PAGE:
The election of Barack Obama

Democratic candidate Barack Obama won an overwhelming victory over Republican John McCain in the US presidential election Tuesday, and the Democrats significantly increased their majorities in both the House of Representatives and the US Senate.

As of midnight, Obama was projected to win 338 electoral votes compared to 156 for McCain, with five states still too close to call. A total of 270 electoral votes is required for victory. The Democrats had gained at least five seats in the Senate and nearly 20 seats in the House, with the outcome of many contests still undetermined.

Obama carried 26 states: all 19 won by the 2004 Democratic candidate John Kerry and seven states won by Bush in that election--Virginia, Florida, Ohio, Iowa, Colorado, New Mexico and Nevada. He was leading in three more states won by Bush in 2004--Indiana, North Carolina and Montana.

Obama's national margin in the popular vote will approach ten million. He has won by the largest margin for a non-incumbent candidate for president since Eisenhower in 1952.

First and foremost, the election outcome is a massive repudiation of the Bush presidency, the Republican Party and nearly three decades of right-wing domination of American politics. It is a watershed election, one which reflects, in the electoral framework, the massive demographic, socio-economic and cultural shifts over the past quarter-century.

All of the right-wing nostrums reiterated by the media and political establishment of both parties in recent years—that America is a "right" or "center-right" nation with a majority of "red states" unshakably loyal to the Republicans, that religion and cultural "values" are the decisive political issues—have been shattered.

More significantly, the election's outcome has disproved the claim that the United States is a racist nation, and that irrational racial animosities trump all other issues. According to exit polls, only a very small percentage of voters stated that the issue of race exerted any influence on their vote. Instead, under the impact of war, financial crisis and deepening recession, tens of millions, in a completely rational manner, voted to express their democratic and essentially egalitarian aspirations—although, given the distorted and limiting framework of official politics, the only outlet for their sentiments was a vote for the Democrats.

Polls also show that two-thirds of the immense youth vote went to Obama.

The result is shipwreck for the Republican Party, with its presidential base reduced to a regional rump, consisting of the Deep South and the largely rural states of the interior West. Obama swept the East Coast from Maine down to Florida, the industrial Midwest, the entire Pacific Coast and much of the Mountain West.

The Republicans lost Senate seats in every region of the country. Democrats captured vacant seats in Virginia, Colorado and New Mexico and defeated incumbent Republicans in New Hampshire and North Carolina, with seats in Oregon, Alaska and Minnesota still undetermined. Not a single incumbent Democratic senator was defeated.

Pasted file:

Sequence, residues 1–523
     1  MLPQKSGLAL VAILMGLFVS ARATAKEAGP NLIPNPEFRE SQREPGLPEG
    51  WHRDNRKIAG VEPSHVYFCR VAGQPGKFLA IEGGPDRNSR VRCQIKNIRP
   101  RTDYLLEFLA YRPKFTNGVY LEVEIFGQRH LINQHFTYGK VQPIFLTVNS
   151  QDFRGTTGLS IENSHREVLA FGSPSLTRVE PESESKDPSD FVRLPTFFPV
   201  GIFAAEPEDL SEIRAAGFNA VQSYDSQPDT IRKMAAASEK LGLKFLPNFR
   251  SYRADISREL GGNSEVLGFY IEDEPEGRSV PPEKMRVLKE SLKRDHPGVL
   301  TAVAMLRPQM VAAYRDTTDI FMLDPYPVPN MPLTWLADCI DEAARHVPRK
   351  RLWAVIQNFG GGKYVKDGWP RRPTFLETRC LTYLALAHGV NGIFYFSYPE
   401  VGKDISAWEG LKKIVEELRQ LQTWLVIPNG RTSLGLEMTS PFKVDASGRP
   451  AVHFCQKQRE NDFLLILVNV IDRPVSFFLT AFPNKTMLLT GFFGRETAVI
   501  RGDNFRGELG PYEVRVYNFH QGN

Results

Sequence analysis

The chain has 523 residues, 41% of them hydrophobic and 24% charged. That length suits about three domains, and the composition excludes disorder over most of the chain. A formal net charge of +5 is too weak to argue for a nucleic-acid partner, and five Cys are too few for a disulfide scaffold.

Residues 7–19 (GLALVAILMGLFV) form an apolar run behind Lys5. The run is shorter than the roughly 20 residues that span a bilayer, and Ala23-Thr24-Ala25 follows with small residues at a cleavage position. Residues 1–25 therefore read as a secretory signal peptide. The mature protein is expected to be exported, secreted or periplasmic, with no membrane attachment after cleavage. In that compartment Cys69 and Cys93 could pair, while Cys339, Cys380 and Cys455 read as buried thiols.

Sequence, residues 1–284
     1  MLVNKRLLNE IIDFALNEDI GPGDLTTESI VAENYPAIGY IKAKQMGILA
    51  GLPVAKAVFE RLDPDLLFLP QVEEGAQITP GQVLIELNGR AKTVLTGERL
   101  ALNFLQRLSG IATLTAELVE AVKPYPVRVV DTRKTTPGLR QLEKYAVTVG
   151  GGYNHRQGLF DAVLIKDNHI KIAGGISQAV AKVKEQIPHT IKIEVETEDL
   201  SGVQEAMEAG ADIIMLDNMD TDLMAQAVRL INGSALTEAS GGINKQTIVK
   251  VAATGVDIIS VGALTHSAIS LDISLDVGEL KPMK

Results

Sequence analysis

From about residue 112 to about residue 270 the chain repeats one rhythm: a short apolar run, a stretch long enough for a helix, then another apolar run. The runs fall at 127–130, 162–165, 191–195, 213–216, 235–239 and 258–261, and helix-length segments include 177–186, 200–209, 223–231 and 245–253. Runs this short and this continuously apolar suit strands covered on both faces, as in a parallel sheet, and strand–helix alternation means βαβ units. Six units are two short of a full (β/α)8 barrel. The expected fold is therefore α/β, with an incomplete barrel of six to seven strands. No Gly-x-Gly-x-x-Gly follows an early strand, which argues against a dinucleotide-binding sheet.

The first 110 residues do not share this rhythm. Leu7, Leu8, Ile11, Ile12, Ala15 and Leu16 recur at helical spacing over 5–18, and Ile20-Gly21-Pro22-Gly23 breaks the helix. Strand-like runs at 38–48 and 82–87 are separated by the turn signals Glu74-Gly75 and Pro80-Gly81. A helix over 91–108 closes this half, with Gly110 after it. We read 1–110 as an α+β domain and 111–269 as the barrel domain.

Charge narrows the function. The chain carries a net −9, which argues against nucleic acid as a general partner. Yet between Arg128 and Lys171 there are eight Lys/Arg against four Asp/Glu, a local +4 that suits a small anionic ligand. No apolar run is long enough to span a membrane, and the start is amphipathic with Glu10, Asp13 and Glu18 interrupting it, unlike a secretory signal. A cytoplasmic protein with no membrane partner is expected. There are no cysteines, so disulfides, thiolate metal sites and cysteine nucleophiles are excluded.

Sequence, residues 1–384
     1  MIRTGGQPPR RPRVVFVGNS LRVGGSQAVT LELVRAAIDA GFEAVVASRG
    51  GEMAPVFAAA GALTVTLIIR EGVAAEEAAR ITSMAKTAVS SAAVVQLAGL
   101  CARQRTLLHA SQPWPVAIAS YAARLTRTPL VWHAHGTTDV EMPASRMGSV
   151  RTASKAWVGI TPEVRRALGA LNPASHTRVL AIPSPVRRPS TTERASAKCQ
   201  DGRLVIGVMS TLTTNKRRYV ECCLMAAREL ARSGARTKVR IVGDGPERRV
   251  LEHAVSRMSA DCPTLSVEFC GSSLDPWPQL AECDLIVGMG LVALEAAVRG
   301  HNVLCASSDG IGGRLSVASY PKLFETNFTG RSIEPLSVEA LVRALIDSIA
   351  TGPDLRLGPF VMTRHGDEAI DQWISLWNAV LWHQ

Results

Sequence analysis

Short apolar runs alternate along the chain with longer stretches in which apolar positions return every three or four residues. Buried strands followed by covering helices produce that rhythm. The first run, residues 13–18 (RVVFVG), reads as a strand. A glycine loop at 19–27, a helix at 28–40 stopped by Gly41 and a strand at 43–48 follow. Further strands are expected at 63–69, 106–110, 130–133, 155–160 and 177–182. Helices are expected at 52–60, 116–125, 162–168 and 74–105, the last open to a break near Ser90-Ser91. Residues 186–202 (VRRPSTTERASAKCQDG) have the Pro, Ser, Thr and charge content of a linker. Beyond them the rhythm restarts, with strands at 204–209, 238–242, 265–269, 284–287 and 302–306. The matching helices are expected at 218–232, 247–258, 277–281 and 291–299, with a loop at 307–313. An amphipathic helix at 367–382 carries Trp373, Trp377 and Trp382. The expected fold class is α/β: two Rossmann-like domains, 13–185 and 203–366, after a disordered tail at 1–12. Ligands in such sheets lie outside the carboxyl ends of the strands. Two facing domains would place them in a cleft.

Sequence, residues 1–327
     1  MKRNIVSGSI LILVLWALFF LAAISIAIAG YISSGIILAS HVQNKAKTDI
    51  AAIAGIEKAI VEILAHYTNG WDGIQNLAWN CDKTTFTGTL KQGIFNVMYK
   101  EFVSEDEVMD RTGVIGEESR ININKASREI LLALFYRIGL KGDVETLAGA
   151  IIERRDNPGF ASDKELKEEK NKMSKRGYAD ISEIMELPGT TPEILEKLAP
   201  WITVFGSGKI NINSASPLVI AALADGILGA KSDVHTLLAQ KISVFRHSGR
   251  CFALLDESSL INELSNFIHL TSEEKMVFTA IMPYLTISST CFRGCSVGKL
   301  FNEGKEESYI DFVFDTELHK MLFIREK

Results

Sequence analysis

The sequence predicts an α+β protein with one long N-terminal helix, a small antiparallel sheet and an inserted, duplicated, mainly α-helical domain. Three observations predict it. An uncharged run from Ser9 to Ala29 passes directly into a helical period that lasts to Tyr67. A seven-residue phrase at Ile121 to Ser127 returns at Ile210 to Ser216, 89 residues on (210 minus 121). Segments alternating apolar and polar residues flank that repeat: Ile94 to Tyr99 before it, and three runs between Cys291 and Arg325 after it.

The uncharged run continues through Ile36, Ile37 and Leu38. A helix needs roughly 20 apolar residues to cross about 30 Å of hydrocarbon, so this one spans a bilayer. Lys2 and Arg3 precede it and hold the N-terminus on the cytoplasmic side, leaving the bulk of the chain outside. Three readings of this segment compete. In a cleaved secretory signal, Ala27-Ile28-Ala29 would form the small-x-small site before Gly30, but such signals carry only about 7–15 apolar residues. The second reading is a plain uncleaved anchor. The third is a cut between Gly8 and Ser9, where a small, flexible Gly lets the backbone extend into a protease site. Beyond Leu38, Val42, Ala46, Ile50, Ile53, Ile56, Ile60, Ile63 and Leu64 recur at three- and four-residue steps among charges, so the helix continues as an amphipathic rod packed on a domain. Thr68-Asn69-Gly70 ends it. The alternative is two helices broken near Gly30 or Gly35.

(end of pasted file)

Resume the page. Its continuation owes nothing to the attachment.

In the House of Representatives, Democrats captured three Republican-held seats in New York, three in Virginia, two in Ohio, two in Florida, two in New Mexico, and one each in Connecticut, Pennsylvania, North Carolina, Alabama, Illinois, Colorado, Arizona, Nevada and Idaho. Only three Democratic incumbents were defeated, in Florida, Louisiana and Texas.

Millions of people in America and billions around the world are greeting the sweeping Republican defeat with a sense of relief and even exhilaration. However, their interpretation of the Obama victory is very different from that of the Democratic Party leadership, including Obama himself, and the ruling class constituency that backed the Illinois senator.

The US media will doubtless say that the Democratic victory is not a mandate for a radical change of course. Already, even before the votes were counted and Obama's victory was officially acknowledged, leading Democrats were putting forward precisely this position. New Mexico Governor Bill Richardson, who threw his support to Obama during the Democratic primary contest, cautioned Tuesday night that the Democrats should "be modest" and "seek alliances." Georgia Congressman John Lewis echoed these remarks, saying the Democrats had to "go slowly" and pursue a "bipartisan" course.

In fact, Tuesday's election was a clear popular mandate for a reversal of right-wing policies that have largely been of a bipartisan character.

Whatever satisfaction the Democratic Party draws from its victory is tempered by the realization within President-elect Obama's inner circle, the party leadership and the political establishment that the mass expectations and hopes aroused by the election will not be easily contained. The outcome of the election sets the stage for a new and protracted period of intense class conflict in the United States.

The WSWS editorial board